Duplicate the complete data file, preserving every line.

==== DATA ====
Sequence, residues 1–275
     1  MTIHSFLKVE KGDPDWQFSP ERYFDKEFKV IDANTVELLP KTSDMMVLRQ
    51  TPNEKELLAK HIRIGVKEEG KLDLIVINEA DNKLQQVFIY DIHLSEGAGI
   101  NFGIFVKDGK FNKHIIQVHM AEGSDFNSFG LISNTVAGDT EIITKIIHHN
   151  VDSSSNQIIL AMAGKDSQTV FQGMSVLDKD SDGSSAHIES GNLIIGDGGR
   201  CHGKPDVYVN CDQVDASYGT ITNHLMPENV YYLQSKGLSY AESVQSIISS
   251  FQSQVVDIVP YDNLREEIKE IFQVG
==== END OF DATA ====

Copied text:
Sequence, residues 1–275
     1  MTIHSFLKVE KGDPDWQFSP ERYFDKEFKV IDANTVELLP KTSDMMVLRQ
    51  TPNEKELLAK HIRIGVKEEG KLDLIVINEA DNKLQQVFIY DIHLSEGAGI
   101  NFGIFVKDGK FNKHIIQVHM AEGSDFNSFG LISNTVAGDT EIITKIIHHN
   151  VDSSSNQIIL AMAGKDSQTV FQGMSVLDKD SDGSSAHIES GNLIIGDGGR
   201  CHGKPDVYVN CDQVDASYGT ITNHLMPENV YYLQSKGLSY AESVQSIISS
   251  FQSQVVDIVP YDNLREEIKE IFQVG